Chile is what makes New Mexican food New Mexican, versus Mexican or Tex-Mex. Red and Green chile come from the same plant, harvested at different times. Red chile, made from dried, ground pods, has a sweeter, slightly smoky taste. Green chile is to me what pesto was to Genovese sailors: it holds the bright, fresh essence of New Mexican sunshine in a taste.

New Mexico’s Green Chile Cheeseburger Trail, put together by the New Mexico Department of Tourism, is a”[selection of] some four dozen of the state’s outstanding green chile cheeseburger restaurants, cafes, drive-ins, and joints.”  Below– in alphabetical order, not order of preference– are our recommendations for the best local spots in downtown Santa Fe.

Bert’s Burger Bowl: Our usual order is a green chile cheeseburger with a side of sweet potato fries and spicy sauce, but the flavorful gourmet burgers, such as lamb, Kobe Beef and Ostrich– are what really set Bert’s apart. Service is perfunctory. Outdoor seating options are tables on busy Guadalupe or in a plastic-windowed shotgun patio without atmosphere or adequate heat for cool weather. Also note that the Arnold Palmers are made with Sprite, not lemonade. Still, for quick, filling, savory and cheap, Bert’s is a good bet. Diners, Drive-ins and Dives’ Guy Fieri visited Bert’s in November of 2009. Watch the YouTube.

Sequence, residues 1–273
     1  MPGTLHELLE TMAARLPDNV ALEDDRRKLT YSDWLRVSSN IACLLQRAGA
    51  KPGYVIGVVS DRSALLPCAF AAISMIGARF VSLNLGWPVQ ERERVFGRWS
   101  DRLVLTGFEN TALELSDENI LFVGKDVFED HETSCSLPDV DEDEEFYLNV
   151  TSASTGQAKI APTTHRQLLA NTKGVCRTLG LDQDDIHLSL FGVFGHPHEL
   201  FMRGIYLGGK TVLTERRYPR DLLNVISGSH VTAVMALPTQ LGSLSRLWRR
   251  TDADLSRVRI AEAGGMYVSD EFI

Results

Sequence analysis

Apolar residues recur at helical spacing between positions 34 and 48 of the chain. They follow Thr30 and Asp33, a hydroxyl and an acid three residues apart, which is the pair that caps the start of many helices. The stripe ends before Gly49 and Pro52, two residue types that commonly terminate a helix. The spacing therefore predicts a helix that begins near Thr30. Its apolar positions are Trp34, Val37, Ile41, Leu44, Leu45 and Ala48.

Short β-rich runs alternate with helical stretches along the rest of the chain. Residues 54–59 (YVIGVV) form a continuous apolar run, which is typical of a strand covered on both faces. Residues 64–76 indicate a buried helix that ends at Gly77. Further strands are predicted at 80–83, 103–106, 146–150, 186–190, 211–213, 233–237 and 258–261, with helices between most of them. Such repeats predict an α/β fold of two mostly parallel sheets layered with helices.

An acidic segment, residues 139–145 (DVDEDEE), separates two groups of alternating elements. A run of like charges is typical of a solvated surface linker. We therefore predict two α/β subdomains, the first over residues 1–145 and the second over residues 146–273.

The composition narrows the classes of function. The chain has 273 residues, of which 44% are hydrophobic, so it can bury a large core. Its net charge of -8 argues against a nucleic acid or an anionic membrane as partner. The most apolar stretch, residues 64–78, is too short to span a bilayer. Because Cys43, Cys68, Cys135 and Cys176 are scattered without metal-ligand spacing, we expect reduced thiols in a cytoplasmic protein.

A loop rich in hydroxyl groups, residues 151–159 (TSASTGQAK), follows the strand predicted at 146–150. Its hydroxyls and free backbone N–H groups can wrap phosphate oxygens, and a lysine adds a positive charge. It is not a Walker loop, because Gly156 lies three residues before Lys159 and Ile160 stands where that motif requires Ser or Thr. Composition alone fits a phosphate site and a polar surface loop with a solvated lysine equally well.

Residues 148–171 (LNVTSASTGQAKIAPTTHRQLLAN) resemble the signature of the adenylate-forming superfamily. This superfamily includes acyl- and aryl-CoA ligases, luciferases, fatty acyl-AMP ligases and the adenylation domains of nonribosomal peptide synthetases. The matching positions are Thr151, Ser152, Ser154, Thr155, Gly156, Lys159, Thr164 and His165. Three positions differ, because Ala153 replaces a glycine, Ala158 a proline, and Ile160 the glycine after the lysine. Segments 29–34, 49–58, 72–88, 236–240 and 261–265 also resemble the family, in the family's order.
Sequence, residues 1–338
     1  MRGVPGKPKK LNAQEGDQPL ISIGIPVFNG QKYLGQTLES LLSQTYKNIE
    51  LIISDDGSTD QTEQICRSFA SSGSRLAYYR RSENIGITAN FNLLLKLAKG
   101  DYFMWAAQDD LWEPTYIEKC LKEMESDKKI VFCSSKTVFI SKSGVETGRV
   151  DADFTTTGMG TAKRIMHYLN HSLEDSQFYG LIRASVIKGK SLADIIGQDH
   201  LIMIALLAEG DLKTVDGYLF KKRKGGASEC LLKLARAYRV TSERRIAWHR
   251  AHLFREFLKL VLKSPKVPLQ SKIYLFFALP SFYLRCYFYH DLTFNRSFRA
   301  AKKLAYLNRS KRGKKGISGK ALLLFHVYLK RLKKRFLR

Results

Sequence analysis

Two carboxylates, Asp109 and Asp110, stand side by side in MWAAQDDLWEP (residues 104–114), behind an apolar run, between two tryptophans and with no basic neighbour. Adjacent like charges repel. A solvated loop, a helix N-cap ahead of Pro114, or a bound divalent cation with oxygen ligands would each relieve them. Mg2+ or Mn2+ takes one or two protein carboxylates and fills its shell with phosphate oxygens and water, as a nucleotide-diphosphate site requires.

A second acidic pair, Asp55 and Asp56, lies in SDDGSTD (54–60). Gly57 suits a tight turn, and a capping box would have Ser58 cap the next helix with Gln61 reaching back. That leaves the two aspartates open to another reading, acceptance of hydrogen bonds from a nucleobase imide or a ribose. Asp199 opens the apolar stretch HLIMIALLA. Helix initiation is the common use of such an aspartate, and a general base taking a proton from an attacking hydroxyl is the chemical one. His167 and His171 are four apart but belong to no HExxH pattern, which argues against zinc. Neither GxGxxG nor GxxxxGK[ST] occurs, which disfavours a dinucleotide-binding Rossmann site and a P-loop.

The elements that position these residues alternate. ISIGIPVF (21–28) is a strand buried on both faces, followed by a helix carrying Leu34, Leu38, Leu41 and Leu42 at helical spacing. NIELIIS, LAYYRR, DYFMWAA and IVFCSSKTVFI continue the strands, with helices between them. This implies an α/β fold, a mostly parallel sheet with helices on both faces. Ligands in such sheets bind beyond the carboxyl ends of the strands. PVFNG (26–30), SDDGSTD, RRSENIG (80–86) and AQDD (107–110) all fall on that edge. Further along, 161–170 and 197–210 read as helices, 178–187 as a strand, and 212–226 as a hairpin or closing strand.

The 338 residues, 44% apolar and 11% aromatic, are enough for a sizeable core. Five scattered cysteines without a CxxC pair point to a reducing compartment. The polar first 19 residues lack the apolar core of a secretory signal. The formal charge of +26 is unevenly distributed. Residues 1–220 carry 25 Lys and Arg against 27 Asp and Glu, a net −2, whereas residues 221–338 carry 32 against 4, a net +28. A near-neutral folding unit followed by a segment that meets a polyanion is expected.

Bobcat Bite: This small, ever-busy, no-nonsense diner is a perennial Santa Fe Reporter “Best of Santa Fe” winner that has reaped kudos from sources as diverse as GQ, Bon Appetit and The Chicago Tribune.  The thick, juicy 10 ounce burgers are made of choice ground choice whole boneless chuck or sirloin served on a toasty, cornmeal dusted bun.  Homefries extra. Well-worth the 15 minute drive. 420 Old Las Vegas Highway Tel: 505.983.5319 Winter Hours: 11-7:50.

Cowgirl Santa Fe: The Cowgirl’s half-pound choice burger comes with fries and slaw, topped with your choice of cheddar, Monterey Jack, Swiss or Blue Cheese. Add a dollar for green chile strips and the Cowgirl’s burger is still a bargain relative to other sit-down restaurants.  Plus, the Kaiser Roll beats the typical tasteless, super-soft white bread bun by a yard. Feeling adventurous? For a few dollars more, you can get an Elk, Buffalo or Venison burger, smothered in Green, topped with cheddar, with a salad on the side. Tel: 982.2565; 319 S. Guadalupe St. For hours and Directions, click here.